Late Breaking News
Congressional Testimony Fuels Debate on Deployment-Related Respiratory Disease Cont.
Military Examines Lung Issues
Military officials were not present at the recent congressional hearing. Col. Lisa L. Zacher, M.D., pulmonary consultant to the U.S. Army Surgeon General, and Dr. Coleen Baird, M.D., MPH, program manager for Environmental Medicine at the U.S. Army Public Health Command, told U.S Medicine in a written statement said the Army and DoD is taking “a serious but standardized and comprehensive approach” to identifying, defining and determining pulmonary disorders that could be related to deployment.
However, they said the military does not believe that respiratory issues will be a problem for most troops serving in Iraq and Afghanistan.
“Indications are that the vast majority of OIF/OEF veterans will not have significant lung problems, but we intend to identify and characterize those with definitively diagnosed pulmonary disease,” they said. “Those who ultimately develop disease will be dependent not only on type and extent of exposure but on co-morbidities (e.g., pre-existent asthma), concomitant exposures (e.g., tobacco use) and genetic pre-disposition.”
Zacher and Baird cited preliminary results of clinical and animal studies that were proposed by a working group convened by DoD. Those results do not suggest that deployment or exposure to Southwest Asian environmental dusts is generally associated with severe chronic lung disease, although dust exposure may well aggravate pre-existing asthma, they said.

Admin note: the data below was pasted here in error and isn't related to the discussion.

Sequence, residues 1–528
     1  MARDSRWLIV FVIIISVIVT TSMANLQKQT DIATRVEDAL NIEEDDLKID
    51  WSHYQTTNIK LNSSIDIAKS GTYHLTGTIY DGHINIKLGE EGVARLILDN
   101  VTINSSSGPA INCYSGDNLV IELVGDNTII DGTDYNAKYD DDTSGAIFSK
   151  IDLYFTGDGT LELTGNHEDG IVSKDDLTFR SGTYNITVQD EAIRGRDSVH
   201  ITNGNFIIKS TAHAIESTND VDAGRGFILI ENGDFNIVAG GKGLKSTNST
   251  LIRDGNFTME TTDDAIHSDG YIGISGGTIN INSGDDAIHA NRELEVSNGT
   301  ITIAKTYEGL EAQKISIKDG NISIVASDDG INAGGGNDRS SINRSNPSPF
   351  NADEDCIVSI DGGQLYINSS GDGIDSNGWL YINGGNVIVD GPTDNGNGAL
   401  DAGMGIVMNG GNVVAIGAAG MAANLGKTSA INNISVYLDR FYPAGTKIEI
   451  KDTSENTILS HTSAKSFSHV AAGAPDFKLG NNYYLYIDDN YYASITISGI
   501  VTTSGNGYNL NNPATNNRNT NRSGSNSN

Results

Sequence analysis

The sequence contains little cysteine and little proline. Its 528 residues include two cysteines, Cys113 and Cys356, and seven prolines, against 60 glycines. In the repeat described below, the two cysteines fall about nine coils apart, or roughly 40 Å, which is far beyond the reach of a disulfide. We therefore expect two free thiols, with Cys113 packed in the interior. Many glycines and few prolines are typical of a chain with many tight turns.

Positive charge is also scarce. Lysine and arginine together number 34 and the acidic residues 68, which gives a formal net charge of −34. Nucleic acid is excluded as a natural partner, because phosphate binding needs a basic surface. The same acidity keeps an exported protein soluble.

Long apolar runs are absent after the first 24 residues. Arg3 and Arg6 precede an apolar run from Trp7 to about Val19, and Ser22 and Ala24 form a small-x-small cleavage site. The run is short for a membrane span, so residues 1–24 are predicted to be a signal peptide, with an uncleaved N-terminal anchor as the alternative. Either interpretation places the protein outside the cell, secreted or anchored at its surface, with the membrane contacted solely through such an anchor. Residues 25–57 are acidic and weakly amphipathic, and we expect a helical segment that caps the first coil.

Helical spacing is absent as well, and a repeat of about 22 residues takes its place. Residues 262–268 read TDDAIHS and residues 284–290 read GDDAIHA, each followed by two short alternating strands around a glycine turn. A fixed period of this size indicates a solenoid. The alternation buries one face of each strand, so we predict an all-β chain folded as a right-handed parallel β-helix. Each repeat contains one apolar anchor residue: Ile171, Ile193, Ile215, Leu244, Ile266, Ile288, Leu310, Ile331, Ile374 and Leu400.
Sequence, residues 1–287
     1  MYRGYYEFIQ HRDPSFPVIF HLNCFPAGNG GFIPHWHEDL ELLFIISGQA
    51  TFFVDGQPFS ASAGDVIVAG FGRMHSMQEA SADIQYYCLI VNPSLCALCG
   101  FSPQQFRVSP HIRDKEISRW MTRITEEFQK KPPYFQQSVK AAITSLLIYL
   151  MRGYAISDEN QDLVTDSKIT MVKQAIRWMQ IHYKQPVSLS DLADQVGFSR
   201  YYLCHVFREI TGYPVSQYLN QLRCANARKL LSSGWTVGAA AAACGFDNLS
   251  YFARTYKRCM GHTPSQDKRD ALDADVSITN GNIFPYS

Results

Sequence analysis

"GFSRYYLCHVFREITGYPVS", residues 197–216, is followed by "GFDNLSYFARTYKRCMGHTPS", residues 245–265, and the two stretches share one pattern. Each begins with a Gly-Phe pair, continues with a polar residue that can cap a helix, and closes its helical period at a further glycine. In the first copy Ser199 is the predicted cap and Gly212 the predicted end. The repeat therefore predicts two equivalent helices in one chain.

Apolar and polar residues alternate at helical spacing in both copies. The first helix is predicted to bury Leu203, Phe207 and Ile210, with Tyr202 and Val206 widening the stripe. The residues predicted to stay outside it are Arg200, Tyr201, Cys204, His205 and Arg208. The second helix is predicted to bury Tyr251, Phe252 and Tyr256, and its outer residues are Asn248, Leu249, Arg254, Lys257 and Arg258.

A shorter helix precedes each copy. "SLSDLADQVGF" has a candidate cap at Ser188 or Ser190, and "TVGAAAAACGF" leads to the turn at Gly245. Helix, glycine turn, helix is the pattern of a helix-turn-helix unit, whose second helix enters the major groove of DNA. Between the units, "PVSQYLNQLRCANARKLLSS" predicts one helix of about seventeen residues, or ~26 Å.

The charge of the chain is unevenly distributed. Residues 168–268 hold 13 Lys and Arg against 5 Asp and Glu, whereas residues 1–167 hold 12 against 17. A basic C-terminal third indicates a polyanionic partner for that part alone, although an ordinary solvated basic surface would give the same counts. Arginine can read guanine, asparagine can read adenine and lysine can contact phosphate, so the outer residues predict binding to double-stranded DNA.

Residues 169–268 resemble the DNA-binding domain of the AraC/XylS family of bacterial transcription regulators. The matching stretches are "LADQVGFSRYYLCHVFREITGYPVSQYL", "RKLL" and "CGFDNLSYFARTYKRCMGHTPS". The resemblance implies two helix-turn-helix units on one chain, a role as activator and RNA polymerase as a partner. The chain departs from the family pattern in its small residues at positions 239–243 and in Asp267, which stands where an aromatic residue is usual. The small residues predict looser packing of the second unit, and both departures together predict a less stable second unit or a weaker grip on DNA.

They also questioned the CB research outlined by King and Miller.
“…A small number of servicemembers and veterans (currently around 50) have been diagnosed with constrictive bronchiolitis,” they wrote. “This severe lung disease has been proposed to result from inhalational exposures while these servicemembers were deployed; however, there is not a clear link between a type of exposure known to cause the disease and the history of some of these patients. The DoD is working with academic researchers to improve diagnosis of the disease and to identify possible causes of disease.”
Cecile Rose, MD, MPH at National Jewish Medical Center in Denver is leading a blinded pathological review of tissue from the Vanderbilt and other potential deployment-related Interstitial Lung Disease cases, Zacher and Baird said.
Zacher and Baird said a working group also has recommended pre- and post-deployment pulmonary function testing of troops. DoD believes, however, that pre- and post-deployment spirometry of asymptomatic individuals is “probably not warranted” and that physical fitness testing of troops serves as an indirect measure of pulmonary function and should identify individuals who have respiratory complaints.
“We believe that pre- and post-deployment spirometry of asymptomatic individuals in a relatively healthy population is probably not warranted,” they wrote. “However, we agree that a baseline pulmonary function test of servicemembers would be useful to assess a servicemember longitudinally in the event of new symptoms or concerns. We also are very aware of the logistical challenges that would need to be overcome.”
Zacher and Baird also said DoD is considering identifying several military treatment facilities as referral centers for difficult or complex respiratory cases after standard evaluations.
“We believe that Centers of Excellence within DoD or outside of DoD would serve to consolidate such cases and increase our understanding of the nature and magnitude of respiratory conditions in our forces,” they said.
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